A swimmer who was stranded at sea for over 12 hours is alive today, thanks to a pod of dolphins who helped save his life.
Ruairí McSorley, 24, believed to be from Londonderry, Ireland, was rescued 4 kilometers from shore by Fenit Royal National Lifeboat Institution (RNLI) at 8:15 p.m. Given the condition he was found in, the group called it a “miracle” rescue.
McSorley was conscious but “hypothermic and exhausted” when found. He was wearing only a pair of swimming trunks when he was plucked out of the waters of Tralee Bay.
The swimmer told rescuers he had planned to swim out to Mucklaghmore Rock, 9 km out from where he set off at Castlegregory beach, where his clothes had been found. His abandoned belongings are what led to the search.
12 hours later, RNLI coxswain Finbarr O’Connell calculated where he could have ended up after analyzing tides in the area.
Fenit RNLI volunteer Jackie Murphy said it was a miracle how McSorley survived the ordeal and credited O’Connell with locating him at sea.
O’Connell said the man was surrounded by many dolphins when he was found. They were later identified as bottlenose dolphins living in Moray Firth in Scotland. Since 2019, the sea creatures have been seen off the Irish coast.
“Maybe they helped him in some way or another: who knows?” he said.
The Fenit RNLI and R118 coastguard performed an intensive search across Tralee Bay before finding McSorley.
Despite being the key to finding him, O’Connell refused to take all the credit, noting that the crew they have are “all excellent.”
“It’s good to get a positive result. Normally we go out, and it mightn’t be that positive. We are all just elated,” he said.
O’Connell added that the situation could have ended worse if McSorley was left there for 30 minutes longer. None of them—including the medics—could believe he survived it, but they’re relieved that he did.
McSorley has since been brought to the University of Hospital Kerry, where he is recovering.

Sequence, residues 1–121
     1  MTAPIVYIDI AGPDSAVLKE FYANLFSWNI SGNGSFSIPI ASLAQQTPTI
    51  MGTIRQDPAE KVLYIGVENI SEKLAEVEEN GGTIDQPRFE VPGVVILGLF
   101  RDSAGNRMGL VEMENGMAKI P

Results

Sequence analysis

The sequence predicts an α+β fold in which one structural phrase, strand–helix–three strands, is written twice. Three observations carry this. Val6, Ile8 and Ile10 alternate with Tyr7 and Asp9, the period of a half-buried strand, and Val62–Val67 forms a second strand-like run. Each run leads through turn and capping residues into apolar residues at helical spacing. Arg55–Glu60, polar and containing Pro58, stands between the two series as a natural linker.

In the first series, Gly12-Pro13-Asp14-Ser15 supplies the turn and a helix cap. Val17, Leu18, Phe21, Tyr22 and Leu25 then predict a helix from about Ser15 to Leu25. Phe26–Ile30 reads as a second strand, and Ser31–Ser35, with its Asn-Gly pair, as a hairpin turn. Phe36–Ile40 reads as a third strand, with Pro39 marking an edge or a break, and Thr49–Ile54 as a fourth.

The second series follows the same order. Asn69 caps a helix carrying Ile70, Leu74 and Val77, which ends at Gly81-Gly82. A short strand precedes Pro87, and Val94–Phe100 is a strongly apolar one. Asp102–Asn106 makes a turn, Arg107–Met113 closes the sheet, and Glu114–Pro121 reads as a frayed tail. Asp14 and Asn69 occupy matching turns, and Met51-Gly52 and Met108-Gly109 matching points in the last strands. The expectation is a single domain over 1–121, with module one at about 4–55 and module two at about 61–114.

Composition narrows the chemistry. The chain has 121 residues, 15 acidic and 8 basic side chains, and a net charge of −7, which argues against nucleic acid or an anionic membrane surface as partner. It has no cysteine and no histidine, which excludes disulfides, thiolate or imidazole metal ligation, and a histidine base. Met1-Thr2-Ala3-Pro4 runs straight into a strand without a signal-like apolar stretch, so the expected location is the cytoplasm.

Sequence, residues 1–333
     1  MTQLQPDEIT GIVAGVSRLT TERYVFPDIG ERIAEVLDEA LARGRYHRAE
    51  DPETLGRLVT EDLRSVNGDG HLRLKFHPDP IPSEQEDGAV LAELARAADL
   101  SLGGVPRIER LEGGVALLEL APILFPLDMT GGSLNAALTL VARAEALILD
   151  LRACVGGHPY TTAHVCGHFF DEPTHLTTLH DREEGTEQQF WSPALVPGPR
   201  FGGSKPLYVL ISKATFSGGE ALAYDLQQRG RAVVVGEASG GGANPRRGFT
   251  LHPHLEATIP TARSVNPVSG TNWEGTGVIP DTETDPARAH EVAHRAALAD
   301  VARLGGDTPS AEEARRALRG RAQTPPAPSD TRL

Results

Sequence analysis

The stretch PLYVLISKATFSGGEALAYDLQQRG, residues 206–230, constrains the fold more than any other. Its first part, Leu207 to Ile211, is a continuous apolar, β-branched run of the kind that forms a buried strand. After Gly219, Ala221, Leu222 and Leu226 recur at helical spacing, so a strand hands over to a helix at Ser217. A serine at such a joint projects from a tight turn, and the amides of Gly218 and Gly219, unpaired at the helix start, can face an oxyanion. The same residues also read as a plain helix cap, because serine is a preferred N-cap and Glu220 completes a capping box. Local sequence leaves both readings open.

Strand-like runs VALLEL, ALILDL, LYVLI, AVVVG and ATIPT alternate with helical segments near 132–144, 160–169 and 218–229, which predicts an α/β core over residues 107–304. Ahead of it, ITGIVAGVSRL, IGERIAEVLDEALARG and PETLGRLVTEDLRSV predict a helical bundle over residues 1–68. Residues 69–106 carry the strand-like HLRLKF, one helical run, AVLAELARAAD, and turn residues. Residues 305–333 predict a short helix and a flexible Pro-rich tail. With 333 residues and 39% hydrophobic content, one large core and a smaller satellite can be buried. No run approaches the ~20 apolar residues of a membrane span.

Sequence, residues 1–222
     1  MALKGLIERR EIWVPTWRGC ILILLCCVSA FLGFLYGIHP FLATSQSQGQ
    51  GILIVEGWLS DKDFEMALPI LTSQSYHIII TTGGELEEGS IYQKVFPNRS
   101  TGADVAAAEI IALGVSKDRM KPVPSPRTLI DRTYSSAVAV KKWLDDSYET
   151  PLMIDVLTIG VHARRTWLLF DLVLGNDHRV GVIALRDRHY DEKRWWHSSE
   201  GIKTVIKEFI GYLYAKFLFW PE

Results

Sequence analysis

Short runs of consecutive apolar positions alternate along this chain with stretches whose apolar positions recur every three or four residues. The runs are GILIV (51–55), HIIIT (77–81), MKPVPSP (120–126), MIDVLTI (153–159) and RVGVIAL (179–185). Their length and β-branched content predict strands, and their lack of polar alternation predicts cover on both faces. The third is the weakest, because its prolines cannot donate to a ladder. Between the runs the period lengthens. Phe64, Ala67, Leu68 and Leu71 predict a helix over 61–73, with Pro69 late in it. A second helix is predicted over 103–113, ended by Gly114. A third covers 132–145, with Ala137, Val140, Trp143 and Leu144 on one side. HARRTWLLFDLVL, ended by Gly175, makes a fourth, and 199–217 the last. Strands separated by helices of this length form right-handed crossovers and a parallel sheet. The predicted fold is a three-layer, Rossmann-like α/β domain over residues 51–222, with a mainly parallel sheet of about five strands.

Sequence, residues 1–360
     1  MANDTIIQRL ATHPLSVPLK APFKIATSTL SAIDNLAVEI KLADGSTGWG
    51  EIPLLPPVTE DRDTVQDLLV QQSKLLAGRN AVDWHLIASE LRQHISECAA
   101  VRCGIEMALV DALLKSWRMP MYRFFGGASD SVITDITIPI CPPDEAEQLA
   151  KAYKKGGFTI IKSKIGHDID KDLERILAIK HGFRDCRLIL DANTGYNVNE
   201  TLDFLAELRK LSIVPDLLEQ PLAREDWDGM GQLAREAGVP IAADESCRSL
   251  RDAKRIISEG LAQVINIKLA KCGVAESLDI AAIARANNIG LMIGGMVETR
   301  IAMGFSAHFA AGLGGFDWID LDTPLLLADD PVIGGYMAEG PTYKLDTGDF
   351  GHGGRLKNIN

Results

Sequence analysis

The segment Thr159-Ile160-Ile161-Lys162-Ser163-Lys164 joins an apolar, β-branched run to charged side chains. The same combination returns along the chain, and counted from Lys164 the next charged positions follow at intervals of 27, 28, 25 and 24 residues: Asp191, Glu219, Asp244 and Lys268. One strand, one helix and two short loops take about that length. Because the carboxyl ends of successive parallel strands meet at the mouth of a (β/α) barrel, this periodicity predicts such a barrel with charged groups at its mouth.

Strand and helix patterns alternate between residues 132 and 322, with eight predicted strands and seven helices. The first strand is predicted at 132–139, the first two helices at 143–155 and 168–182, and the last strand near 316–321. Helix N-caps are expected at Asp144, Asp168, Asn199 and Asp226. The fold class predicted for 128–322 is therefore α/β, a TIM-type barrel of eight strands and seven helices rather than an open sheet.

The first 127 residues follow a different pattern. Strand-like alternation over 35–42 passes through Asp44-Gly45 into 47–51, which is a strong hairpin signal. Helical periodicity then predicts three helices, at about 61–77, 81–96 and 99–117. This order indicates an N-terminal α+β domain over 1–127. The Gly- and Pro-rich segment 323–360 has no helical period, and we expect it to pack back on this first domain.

“It is literally beyond us all (how he survived),” he said. “He was only wearing a pair of trunks. He had no wetsuit. Nothing. He must have been a good swimmer because he was just over two and a half miles (4km) from the beach.”
McSorley’s body temperature had also dropped to dangerously low levels. The swimmer said he went in around 8 a.m., and rescuers picked him up at 8:15.
“He did spend that amount of time in the water, and I don’t know how he did it,” O’Connell said. “It’s incredible, really.”
They first saw his head in the water and initially thought it was a seal. But then he put up his hand.
“The elation of seeing somebody floating alive in the water, rather than the other way, is so great,” O’Connell recalled. “We have had too many bad outcomes, so it was absolutely fantastic to pick him up.”
When asked how he had determined the trajectory of McSorley across Tralee Bay, O’Connell explained that they had been trained to handle scenarios like that.
They have a mannequin they throw in the water, which behaves like a person would in water. They leave it there and do an exercise for a few hours. Upon their return, they would see how far it has drifted. They pick it up and note in the chart the direction the tide is going. That’s the knowledge they applied during the rescue.
In light of this incident, Murphy advised swimmers to exercise caution when venturing into the water for a swim.
“Always please tell somebody what time you are due back and where you are going,” she said.